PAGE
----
Text: S.2206 — 115th Congress (2017-2018)All Information (Except Text)

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Introduced in Senate (12/07/2017)


115th CONGRESS
1st Session
S. 2206


To release certain wilderness study areas in the State of Montana.


IN THE SENATE OF THE UNITED STATES

December 7, 2017

Mr. Daines introduced the following bill; which was read twice and referred to the Committee on Energy and Natural Resources


A BILL

To release certain wilderness study areas in the State of Montana.

Be it enacted by the Senate and House of Representatives of the United States of America in Congress assembled,

SECTION 1. Short title.

This Act may be cited as the “Protect Public Use of Public Lands Act”.

SEC. 2. Release of certain wilderness study areas in the State of Montana.

(a) Findings.—Congress finds that—

(1) under the Montana Wilderness Study Act of 1977 (Public Law 95–150; 91 Stat. 1243), 9 wilderness study areas comprising a total of 973,000 acres of land in the State of Montana were set aside for the Secretary of Agriculture to evaluate the suitability of the wilderness study areas for designation as wilderness in accordance with the Wilderness Act (16 U.S.C. 1131 et seq.), with the evaluation to be completed not later than 5 years after the date of enactment of the Montana Wilderness Study Act of 1977 (Public Law 95–150; 91 Stat. 1243);

(2) between 1979 and 1986, the Chief of the Forest Service completed the studies of the 9 wilderness study areas and determined that 608,700 acres of the original 973,000 acres designated as wilderness study areas by the Montana Wilderness Study Act of 1977 (Public Law 95–150; 91 Stat. 1243) were unsuitable for inclusion in the National Wilderness Preservation System;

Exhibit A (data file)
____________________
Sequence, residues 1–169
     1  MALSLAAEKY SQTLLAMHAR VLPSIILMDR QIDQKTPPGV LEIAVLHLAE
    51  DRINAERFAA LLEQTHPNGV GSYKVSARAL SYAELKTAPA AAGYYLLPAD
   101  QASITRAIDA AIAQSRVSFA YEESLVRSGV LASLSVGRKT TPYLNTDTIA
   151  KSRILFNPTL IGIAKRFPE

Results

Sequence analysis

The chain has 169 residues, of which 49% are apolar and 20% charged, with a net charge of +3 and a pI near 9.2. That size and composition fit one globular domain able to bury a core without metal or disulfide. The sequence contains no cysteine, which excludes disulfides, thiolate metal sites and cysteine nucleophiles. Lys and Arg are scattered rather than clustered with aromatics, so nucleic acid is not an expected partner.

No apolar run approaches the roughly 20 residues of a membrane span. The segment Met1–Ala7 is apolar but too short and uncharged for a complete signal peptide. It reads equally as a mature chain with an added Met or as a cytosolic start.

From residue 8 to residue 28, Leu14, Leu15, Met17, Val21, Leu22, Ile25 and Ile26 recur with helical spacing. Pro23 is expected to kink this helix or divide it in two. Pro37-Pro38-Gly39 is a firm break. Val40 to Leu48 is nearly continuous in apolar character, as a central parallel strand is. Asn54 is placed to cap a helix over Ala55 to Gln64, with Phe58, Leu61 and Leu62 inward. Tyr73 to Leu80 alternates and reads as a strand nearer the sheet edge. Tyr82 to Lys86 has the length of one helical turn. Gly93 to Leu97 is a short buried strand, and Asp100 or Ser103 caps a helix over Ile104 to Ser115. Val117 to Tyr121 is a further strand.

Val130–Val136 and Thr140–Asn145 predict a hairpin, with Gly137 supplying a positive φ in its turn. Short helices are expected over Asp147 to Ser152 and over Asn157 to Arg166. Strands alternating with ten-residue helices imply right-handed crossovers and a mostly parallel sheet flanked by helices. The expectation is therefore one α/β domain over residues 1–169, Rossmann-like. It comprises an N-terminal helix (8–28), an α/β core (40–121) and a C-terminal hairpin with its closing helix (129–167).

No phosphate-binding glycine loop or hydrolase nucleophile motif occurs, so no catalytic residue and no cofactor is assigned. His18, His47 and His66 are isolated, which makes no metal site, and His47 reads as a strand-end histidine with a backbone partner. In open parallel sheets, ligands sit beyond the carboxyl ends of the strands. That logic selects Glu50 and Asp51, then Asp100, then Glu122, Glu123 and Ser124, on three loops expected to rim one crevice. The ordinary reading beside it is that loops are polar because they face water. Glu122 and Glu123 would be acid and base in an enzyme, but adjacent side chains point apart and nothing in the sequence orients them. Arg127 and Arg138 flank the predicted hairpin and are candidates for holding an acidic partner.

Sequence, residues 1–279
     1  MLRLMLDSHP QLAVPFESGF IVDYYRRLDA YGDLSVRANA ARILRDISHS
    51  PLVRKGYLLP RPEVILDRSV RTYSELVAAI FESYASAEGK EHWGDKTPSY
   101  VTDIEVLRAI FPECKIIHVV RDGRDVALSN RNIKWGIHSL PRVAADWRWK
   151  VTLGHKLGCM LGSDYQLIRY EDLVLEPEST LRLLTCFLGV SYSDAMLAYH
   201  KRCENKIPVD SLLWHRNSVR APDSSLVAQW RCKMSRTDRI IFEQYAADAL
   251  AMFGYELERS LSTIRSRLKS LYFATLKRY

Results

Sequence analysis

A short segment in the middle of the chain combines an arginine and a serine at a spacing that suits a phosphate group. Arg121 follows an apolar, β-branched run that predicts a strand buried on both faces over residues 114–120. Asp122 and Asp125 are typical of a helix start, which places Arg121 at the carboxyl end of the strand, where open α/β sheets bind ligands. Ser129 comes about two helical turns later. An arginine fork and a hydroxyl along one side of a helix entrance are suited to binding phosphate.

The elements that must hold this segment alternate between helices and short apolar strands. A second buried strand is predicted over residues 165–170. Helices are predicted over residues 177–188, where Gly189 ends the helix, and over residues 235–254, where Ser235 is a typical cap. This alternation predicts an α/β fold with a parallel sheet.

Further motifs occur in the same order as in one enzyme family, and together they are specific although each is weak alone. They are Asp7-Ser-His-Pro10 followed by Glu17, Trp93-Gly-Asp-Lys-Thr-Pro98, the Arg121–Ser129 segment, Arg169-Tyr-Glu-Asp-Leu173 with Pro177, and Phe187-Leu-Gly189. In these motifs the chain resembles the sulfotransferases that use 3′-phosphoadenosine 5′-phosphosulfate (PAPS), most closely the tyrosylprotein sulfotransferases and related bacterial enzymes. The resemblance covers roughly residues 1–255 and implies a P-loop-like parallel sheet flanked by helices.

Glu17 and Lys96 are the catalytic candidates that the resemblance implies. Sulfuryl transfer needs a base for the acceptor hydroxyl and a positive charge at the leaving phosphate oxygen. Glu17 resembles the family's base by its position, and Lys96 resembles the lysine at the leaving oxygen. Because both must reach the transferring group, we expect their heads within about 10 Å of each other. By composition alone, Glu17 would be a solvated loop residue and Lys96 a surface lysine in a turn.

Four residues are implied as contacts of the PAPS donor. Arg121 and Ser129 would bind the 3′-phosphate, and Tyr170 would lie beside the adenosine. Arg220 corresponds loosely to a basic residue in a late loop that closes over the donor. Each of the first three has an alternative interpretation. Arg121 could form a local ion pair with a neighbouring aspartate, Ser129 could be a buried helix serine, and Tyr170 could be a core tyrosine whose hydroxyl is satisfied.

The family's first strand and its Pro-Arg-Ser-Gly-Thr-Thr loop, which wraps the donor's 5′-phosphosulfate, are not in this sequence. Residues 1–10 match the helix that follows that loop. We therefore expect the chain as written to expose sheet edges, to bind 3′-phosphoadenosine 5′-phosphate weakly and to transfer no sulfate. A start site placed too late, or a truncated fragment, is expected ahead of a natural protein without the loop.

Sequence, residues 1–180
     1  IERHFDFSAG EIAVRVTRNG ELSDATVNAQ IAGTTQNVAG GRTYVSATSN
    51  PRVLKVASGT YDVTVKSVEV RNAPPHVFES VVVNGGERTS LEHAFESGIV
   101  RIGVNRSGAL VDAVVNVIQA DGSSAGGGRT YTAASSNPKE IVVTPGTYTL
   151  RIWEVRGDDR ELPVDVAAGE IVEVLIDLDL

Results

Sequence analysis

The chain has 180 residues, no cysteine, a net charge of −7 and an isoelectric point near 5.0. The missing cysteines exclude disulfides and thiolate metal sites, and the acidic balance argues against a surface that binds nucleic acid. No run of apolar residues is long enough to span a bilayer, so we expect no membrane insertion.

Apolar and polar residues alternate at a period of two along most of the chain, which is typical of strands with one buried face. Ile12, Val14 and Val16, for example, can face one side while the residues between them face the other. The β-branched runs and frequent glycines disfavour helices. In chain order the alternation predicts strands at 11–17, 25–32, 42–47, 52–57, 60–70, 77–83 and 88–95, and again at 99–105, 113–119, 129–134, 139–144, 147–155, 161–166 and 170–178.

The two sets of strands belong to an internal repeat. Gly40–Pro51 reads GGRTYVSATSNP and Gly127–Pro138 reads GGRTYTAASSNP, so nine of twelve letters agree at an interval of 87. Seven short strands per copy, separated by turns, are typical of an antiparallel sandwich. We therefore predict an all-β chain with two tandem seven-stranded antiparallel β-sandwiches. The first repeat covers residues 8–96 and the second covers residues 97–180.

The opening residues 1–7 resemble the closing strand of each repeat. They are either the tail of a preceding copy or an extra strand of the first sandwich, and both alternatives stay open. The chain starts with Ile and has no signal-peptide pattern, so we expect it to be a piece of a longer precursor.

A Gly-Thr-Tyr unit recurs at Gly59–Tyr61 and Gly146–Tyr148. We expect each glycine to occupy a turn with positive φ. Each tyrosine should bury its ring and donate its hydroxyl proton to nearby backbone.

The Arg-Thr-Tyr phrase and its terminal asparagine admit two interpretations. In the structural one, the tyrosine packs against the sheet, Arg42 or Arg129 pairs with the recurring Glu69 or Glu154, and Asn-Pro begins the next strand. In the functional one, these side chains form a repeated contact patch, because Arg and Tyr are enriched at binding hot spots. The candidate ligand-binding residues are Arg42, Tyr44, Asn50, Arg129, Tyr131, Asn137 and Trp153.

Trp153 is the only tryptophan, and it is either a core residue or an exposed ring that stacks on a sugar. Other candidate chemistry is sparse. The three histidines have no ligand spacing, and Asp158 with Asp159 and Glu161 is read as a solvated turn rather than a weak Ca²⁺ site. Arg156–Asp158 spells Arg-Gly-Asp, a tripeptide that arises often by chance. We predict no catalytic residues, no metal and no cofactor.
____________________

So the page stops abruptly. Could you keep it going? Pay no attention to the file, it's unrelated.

(3) since the completion of the studies required under the Montana Wilderness Study Act of 1977 (Public Law 95–150; 91 Stat. 1243), of the land designated as wilderness study areas by that Act—

(A) 171,000 acres have been designated as wilderness by Congress; and

(B) 663,000 acres remain as wilderness study areas until Congress acts;

(4) Congress has failed to act on the recommendations of the Chief of the Forest Service with respect to the remaining 7 wilderness study areas;

(5) the Montana State legislature passed House Joint Resolution 9, a resolution asking Congress to address the remaining 7 wilderness study areas;

(6) County commissions, sportsmen, farmers and ranchers, and outdoor recreation groups in the State of Montana support Congress acting to remove the land in the State described in subsection (c) to protect public use of public land; and

(7) for the purposes of section 3(a) of the Montana Wilderness Study Act of 1977 (Public Law 95–150; 91 Stat. 1244), the land in the State of Montana described in subsection (c) has been adequately studied for wilderness designation.

(b) Release.—The land described in subsection (c) is no longer subject to section 3(a) of the Montana Wilderness Study Act of 1977 (Public Law 95–150; 91 Stat. 1244).

(c) Description of land.—The land referred to in paragraphs (6) and (7) of subsection (a) and subsection (b) is—

(1) the approximately 151,000 acres of land comprising the West Pioneer Wilderness Study Area;

(2) the approximately 32,500 acres of land within the Blue Joint Wilderness Study Area not recommended for wilderness classification in the record of decision prepared by the Forest Service entitled “Bitterroot National Forest Plan” and dated September 1987;

(3) the approximately 94,000 acres of land comprising the Sapphire Wilderness Study Area;

(4) the approximately 81,000 acres of land comprising the Middle Fork Judith Wilderness Study Area; and

(5) the approximately 91,000 acres of land comprising the Big Snowies Wilderness Study Area.